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The Commonwealth Bank of Australia (CBA) has lowered its interest rate floor for home loan serviceability assessments from 7.25 per cent to 5.75 per cent and increased its buffer to 2.5 per cent.
CBA’s changes will be effective for all new home loan applications form Monday, 22 July.
The big four bank is the latest lender to adjust its serviceability policy after the Australian Prudential Regulation Authority (APRA) changed its home lending guidance, scrapping the 7 per cent interest rate floor for mortgage assessments and increasing the buffer rate to 2.5 per cent.
In a statement to Mortgage Business, CBA’s executive general manager of home buying, Dan Huggins, said: “We welcomed APRA’s decision to update its guidance relating to serviceability assessment rates.
“Following a review of our serviceability rates based on APRA’s new guidance, our portfolio and our risk appetite, from Monday, 22 July we will introduce a new 5.75 per cent floor rate and 2.5 per cent interest rate buffer.
“In considering and delivering these changes, we have ensured we continue to meet our regulatory commitments and drive great customer outcomes whilst also delivering a timely and consistent service.”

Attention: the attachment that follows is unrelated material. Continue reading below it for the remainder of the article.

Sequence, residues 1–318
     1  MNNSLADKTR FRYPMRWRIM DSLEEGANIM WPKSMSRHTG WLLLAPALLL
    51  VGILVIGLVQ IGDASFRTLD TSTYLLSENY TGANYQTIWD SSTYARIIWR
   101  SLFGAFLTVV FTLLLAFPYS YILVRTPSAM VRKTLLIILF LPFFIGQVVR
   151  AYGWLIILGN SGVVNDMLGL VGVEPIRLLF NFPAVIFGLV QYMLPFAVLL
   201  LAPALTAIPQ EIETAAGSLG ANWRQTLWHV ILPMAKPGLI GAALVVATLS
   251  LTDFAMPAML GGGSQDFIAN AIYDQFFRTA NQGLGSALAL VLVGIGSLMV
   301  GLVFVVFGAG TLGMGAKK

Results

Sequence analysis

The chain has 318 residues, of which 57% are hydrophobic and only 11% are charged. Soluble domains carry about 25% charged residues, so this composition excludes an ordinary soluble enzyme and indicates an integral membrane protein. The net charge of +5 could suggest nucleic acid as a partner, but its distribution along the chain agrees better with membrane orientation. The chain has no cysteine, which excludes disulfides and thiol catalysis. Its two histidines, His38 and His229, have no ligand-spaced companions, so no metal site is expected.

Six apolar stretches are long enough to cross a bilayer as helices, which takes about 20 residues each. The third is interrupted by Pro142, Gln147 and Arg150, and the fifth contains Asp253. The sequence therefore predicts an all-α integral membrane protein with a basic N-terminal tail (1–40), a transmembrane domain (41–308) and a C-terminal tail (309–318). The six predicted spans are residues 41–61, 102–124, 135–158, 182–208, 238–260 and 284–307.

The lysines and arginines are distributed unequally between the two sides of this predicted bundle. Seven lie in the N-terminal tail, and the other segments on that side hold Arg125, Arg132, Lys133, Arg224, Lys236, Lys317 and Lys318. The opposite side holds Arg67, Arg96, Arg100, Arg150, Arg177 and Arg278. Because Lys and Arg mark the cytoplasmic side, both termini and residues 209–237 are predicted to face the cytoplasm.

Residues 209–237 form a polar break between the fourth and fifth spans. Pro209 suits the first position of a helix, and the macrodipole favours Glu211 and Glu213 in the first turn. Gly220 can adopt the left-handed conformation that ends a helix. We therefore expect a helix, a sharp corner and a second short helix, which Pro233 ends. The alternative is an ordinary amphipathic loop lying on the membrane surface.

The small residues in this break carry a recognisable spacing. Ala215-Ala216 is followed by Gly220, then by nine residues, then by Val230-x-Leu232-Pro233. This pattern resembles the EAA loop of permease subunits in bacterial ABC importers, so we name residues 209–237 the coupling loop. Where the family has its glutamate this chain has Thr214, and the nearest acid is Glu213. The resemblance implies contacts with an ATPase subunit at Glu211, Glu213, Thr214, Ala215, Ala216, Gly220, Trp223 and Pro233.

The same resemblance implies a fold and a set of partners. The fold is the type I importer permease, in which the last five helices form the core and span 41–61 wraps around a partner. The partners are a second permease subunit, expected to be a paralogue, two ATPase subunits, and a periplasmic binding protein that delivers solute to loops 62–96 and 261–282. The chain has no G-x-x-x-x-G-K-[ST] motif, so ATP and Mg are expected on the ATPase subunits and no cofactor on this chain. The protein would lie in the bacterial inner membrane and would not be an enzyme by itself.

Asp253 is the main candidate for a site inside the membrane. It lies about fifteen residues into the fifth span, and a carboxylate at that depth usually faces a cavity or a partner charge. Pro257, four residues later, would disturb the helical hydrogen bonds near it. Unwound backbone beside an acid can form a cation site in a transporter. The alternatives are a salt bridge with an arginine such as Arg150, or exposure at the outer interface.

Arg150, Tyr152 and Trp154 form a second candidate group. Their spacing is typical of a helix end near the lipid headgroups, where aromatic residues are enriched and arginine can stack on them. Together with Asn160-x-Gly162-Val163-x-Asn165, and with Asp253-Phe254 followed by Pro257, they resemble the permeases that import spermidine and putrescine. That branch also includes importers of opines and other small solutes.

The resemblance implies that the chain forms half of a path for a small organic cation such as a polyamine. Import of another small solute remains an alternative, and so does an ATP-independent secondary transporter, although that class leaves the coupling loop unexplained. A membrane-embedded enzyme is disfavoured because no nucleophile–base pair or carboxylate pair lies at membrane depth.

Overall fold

ANZ has slashed its interest rate floor from 7.25 per cent to 5.5 per cent (effective from 15 July), while Westpac Group – which includes its subsidiaries Bank of Melbourne, BankSA and St George Bank – has lowered its floor from 7.25 per cent to 5.75 per cent (effective from 16 July).
Meanwhile, Macquarie and Suncorp have undercut the majors, slashing their interest rate floors to 5.3 per cent and 5.5 per cent, respectively.
MyState, however, has adopted a more conservative approach in its response to the regulatory changes, lowering its interest rate floor to 6.2 per cent, effective from Monday, 15 July.
All the aforementioned lenders also increased their buffers to 2.5 per cent, in line with APRA’s guidance.
Other lenders are expected to follow suit, with NAB and AMP informing Mortgage Business that they’re currently in the process of reviewing their assessment rates.
Non-bank lender Resimac, which, along with the rest of the non-bank sector, is not formally bound by APRA’s guidance, has also confirmed that it is reviewing its policy.